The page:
Meneese School History

Meneese School, district 96, stands in the northwest corner of section 34, Southern township.

John Maneese (so it was spelled in the earlier days) and his son James came to Phelps prairie in 1811, the year it received its name. The settlers built a blockhouse in West Marion Township, to protect themselves from roving bands of hostile Indians. James Maneese was a hunter rather than a farmer, and as soon as danger was over, he moved down on Saline River where the game was plentiful. He lived a solitary life, and was twenty-three years old before he heard of doctors. He learned of their existence and usefulness when he was sent for one, and expected to be given some machine, but led home a man instead.

Meneese’s lane was part of the route followed by a road from Frankfort to Wilcox’s ferry on the Ohio in 1839. John Bowles, Roderick Reed, and Joel Norris were appointed road commissioners by the legislature, and made their report at Bainbridge September 16, 1839. They ran the road “commencing at Frankfort, Thence with the road as formerly laid out from Frankfort to Jonesboro to (through) Bainbridge, from Bainbridge south East with main street to the ford of the branch supposed to be one quarter of a Mile from Bainbridge, Thence south by Lewis Durock’s to the Crab Orchard, Thence passing through said Meneese’s lain. Thence through John Bowies’ lain to the line dividing Franklin and Johnston Counties, intersecting the State road as formerly Opened in Johnston County.”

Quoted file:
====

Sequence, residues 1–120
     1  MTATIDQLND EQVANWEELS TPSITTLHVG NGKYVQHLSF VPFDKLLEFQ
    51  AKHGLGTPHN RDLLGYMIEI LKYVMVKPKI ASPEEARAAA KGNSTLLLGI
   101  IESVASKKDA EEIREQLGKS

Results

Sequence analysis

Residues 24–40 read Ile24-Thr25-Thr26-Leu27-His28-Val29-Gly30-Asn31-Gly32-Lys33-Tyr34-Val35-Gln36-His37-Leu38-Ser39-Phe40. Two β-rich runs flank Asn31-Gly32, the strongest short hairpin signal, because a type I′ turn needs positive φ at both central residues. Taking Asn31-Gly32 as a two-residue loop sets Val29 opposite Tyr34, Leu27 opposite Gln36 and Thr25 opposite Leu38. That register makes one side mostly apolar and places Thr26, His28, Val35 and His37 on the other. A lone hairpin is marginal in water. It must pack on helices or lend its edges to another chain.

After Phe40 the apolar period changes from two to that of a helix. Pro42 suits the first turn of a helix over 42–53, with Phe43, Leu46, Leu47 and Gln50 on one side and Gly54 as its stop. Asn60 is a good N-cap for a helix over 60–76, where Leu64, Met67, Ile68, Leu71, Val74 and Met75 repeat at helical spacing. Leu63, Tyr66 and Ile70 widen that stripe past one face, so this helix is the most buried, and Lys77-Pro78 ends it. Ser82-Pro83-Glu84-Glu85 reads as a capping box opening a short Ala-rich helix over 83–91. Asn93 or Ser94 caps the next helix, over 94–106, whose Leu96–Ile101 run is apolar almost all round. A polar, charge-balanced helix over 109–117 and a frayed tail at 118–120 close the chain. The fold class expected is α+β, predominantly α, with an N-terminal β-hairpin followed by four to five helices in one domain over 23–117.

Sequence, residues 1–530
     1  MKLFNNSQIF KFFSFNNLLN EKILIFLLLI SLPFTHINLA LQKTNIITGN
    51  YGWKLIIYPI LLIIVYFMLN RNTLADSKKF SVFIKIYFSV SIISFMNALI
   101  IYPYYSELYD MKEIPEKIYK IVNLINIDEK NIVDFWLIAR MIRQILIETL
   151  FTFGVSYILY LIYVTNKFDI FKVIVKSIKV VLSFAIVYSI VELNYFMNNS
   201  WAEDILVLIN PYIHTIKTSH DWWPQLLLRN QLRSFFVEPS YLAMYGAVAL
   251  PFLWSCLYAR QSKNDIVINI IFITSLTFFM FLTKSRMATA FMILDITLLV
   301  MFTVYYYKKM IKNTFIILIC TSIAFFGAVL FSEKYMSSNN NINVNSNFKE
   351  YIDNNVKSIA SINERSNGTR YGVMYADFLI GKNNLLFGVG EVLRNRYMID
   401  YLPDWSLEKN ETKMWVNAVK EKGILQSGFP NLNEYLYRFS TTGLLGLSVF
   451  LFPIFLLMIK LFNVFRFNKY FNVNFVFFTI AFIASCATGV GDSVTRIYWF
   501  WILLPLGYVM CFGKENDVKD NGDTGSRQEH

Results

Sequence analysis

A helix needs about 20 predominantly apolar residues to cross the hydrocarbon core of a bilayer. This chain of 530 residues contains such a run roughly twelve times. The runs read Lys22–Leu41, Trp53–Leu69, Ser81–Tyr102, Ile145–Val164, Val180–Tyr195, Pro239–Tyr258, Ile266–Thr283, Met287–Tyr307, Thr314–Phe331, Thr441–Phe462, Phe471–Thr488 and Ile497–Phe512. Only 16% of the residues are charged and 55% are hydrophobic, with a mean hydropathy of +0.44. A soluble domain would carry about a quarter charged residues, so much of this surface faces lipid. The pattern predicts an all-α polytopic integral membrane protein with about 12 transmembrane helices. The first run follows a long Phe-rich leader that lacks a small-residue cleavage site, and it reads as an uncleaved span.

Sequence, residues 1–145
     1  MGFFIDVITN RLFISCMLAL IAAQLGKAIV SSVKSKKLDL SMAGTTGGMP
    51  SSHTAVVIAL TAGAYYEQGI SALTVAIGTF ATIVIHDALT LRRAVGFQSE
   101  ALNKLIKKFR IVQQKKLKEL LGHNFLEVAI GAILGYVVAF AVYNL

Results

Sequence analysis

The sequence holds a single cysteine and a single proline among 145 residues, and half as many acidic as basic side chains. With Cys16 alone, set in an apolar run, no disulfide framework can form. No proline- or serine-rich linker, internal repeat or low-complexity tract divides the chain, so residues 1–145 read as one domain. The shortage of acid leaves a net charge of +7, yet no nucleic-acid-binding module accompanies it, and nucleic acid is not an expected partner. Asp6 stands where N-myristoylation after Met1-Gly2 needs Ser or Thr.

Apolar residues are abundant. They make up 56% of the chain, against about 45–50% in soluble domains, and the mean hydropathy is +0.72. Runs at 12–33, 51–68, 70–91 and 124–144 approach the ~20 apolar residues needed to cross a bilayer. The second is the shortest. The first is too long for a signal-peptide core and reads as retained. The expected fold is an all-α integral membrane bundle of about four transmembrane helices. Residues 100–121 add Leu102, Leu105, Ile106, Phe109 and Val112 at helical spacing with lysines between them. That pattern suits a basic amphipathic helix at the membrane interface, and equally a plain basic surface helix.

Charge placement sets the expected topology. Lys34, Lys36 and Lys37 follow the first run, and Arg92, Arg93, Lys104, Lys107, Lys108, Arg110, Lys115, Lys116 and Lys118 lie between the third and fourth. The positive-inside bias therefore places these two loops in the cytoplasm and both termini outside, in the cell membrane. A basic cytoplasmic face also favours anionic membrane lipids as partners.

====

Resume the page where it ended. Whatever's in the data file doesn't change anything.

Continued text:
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(Extracted from Pioneer Folks and Places, Barbara Barr Hubbs, 1939 which is on sale at the Williamson County Museum)